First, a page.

• 13-14
  • Added on: 03/28/2018

The National Infiltrating North Korea, one USB drive at a time

A small army of activists in Halifax is infiltrating North Korea, one USB drive at a time. It's all about getting tiny pieces of information into a country that tries to shelter its population from the outside world. Students at Dalhousie University are making videos of life in Halifax and putting them on the USB drives. They are they sent ...
  • 2018
  • 00:06:11
  • 13-14
  • Added on: 03/12/2018

The National Internet in South Korea a model for Canada

Internet access in South Korea is the fastest in the world and could be a model for Canada to follow. But a few obstacles stand in Canada's way — namely, a lack of competition that is keeping the Internet from improving.
  • 2018
  • 00:02:54
  • 13-14
  • Added on: 03/12/2018

Marketplace Addicted to your phone?

Are you addicted to your smartphone? Companies are using science and artificial intelligence to keep you hooked, but tech insiders reveal to the Marketplace team how you can curb the urge to constantly stay connected. Plus they track a family's device usage over several months and reveal the staggering results — from the eight-year-old son, the teenage daughters to the parents. And ...
  • 2017
  • 00:22:36
  • 13-14
  • Added on: 02/15/2018

News in Review - January 2018 #MeToo: How a Hashtag Launched a Revolution

The #MeToo Campaign of 2017 could well be the most important movement of a generation. The hashtag took off in October and allowed victims of sexual harassment all over the world to unite on social media. It started with stunning revelations about film mogul Harvey Weinstein and grew into a global movement. The bravery of these women sharing their stories ...
  • 2018
  • 00:17:57
  • 15-17
  • Added on: 01/26/2018

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CBC Docs POV Indictment: The Crimes of Shelly Chartier

This is a riveting true story about a reclusive young woman from a small Manitoba First Nation who made international headlines. Shelly Chartier was portrayed by the media as a master manipulator who used social media to target an NBA superstar and an aspiring model. Through the sensitive and intelligent lens of Indigenous directors Lisa Jackson and Shane Belcourt, the ...
  • 2017
  • 00:44:10
  • 13-14
  • Added on: 12/05/2017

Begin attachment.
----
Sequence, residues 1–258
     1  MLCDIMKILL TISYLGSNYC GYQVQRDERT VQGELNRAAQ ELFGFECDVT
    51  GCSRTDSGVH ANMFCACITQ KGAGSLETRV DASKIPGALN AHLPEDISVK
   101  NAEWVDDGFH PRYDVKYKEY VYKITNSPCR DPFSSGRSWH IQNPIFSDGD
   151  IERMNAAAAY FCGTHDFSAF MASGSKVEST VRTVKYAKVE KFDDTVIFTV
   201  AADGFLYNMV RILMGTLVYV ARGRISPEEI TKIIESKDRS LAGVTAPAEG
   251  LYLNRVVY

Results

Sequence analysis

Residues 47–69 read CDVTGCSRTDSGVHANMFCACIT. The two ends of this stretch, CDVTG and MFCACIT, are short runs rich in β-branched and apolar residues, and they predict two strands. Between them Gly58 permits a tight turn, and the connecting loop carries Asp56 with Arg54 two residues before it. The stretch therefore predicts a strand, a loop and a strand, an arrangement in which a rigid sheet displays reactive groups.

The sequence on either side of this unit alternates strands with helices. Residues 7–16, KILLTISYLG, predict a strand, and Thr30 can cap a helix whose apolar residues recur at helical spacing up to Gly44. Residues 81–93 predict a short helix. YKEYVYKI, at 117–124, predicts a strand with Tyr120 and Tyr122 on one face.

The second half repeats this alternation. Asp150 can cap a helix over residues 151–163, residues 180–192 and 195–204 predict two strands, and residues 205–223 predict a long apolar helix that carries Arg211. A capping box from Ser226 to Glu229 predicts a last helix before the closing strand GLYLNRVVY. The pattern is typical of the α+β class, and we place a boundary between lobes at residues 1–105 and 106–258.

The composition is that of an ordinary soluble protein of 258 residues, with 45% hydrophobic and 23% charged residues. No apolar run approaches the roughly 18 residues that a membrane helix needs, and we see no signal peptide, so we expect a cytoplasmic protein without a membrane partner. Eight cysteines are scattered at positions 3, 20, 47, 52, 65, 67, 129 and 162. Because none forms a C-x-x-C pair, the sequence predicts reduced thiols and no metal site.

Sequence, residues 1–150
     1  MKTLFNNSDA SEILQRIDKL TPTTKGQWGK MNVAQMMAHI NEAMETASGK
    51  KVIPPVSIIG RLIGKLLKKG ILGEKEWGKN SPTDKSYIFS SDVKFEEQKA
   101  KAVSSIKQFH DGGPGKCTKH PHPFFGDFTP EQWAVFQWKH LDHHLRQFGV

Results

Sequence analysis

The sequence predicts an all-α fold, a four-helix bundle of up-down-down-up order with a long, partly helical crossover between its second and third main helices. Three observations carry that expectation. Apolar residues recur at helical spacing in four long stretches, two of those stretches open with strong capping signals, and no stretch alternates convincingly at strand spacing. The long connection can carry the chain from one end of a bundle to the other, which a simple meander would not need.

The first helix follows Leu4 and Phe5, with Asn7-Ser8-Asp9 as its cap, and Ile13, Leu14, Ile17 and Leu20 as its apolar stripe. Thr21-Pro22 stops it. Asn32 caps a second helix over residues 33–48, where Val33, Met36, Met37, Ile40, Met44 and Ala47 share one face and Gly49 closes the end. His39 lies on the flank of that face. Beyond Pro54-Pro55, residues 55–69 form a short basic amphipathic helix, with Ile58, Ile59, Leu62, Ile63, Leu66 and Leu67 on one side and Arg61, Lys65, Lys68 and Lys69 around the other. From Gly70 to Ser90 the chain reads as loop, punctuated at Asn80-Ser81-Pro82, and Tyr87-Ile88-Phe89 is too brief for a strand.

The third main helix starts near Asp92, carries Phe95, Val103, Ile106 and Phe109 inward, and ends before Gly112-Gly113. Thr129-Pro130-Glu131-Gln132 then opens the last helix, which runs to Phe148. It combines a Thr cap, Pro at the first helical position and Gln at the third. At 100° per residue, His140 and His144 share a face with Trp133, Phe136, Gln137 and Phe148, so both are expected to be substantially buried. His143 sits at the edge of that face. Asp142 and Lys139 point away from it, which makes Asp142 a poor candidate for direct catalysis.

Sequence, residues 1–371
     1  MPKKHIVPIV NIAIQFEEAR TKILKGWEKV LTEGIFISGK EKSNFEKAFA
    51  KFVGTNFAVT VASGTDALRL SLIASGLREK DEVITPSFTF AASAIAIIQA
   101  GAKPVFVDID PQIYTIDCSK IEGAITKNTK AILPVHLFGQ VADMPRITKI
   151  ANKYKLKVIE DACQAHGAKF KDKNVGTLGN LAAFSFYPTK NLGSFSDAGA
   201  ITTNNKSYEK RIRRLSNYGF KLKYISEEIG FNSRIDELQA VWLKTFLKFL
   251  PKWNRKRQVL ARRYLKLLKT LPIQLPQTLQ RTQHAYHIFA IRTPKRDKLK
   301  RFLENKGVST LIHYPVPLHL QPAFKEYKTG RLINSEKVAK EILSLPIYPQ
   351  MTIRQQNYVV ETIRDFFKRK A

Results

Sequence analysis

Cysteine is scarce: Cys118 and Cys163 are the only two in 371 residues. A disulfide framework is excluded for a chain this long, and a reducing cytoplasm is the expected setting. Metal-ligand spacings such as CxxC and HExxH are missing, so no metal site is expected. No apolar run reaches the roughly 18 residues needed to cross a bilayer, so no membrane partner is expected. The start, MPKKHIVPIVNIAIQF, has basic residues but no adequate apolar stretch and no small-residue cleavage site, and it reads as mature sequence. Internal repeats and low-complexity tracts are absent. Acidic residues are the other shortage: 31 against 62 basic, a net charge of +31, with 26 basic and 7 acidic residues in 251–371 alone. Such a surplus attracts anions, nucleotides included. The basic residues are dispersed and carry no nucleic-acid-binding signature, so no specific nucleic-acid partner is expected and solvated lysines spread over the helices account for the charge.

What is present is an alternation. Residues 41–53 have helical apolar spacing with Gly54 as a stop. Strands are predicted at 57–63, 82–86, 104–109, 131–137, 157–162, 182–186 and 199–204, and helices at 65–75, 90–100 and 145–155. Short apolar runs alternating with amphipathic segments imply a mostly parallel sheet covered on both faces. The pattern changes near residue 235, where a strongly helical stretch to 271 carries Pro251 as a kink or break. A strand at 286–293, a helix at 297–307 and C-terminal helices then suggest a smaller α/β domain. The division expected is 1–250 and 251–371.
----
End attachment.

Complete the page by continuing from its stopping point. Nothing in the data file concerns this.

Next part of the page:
The National Should public schools use crowdfunding?

Canadian public schools are using crowdfunding programs like myclassneeds to help secure the resources they need. But critics say the approach is a step towards privatization. Hear from voices on both sides of this issue.
  • 2017
  • 00:08:52
  • 13-14
  • Added on: 11/27/2017

News in Review - October 2017 Social Influencers: Leveraging Popularity for Paydirt

In a world where those with the most followers means popularity and leverage, there’s a new celebrity in town. They’re called social influencers. They tweet, blog and video their brand picks all the way to the bank. And companies are willing to spend big bucks to get their endorsement if they can link their brand to new customers. But what ...
  • 2017
  • 00:14:18
  • 9-12
  • Added on: 10/18/2017

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Jaxon and Song’s Maple Mystery The Beaver's Tail

Where is one of the oldest expanses of rock in the world upon which you can actually eat a beaver tail? Jaxon and Song report the beaver tail eating crime to the Royal Canadian Mounted Police, and in doing so, find the party at last!
  • 2017
  • 00:05:00
  • 5-8
  • Added on: 10/11/2017

Jaxon and Song’s Maple Mystery The Longest Tooth

What animal has the longest left front tooth in the world? In snowshoes, Jaxon and Song tiptoe past a polar bear in search of the animal with the longest left front tooth. Their search takes them to the Innuitians.
  • 2017
  • 00:05:01
  • 5-8
  • Added on: 10/10/2017

Jaxon and Song’s Maple Mystery Bergy Bits and Growlers

Where will you find bergy bits and growlers? Jaxon and Song narrowly miss a hoodoo as they hunt for the answer to this riddle. They end on the coast of Hudson’s Bay.
  • 2017
  • 00:05:00
  • 5-8
  • Added on: 10/10/2017

Jaxon and Song’s Maple Mystery The Breadbasket

What giant breadbasket has no bread in it? To solve this, Jaxon and Song go bronco riding at the Stampede and end up in the prairies.
  • 2017
  • 00:05:00
  • 5-8
  • Added on: 10/10/2017

Jaxon and Song’s Maple Mystery The Sunrise

You see sunrises every morning, but where do you have to stand to see the very first one in Canada? Hunting for the solution to this riddle takes Jaxon and Song on an iceberg slide.
  • 2017
  • 00:05:01
  • 5-8
  • Added on: 10/10/2017

Jaxon and Song’s Maple Mystery The Raven

Where can they find a raven that soars, but never moves? The adventure takes Jaxon and Song over the Capilano Suspension Bridge and to the land of the Haida to find the answer.
  • 2017
  • 00:05:00
  • 5-8
  • Added on: 09/22/2017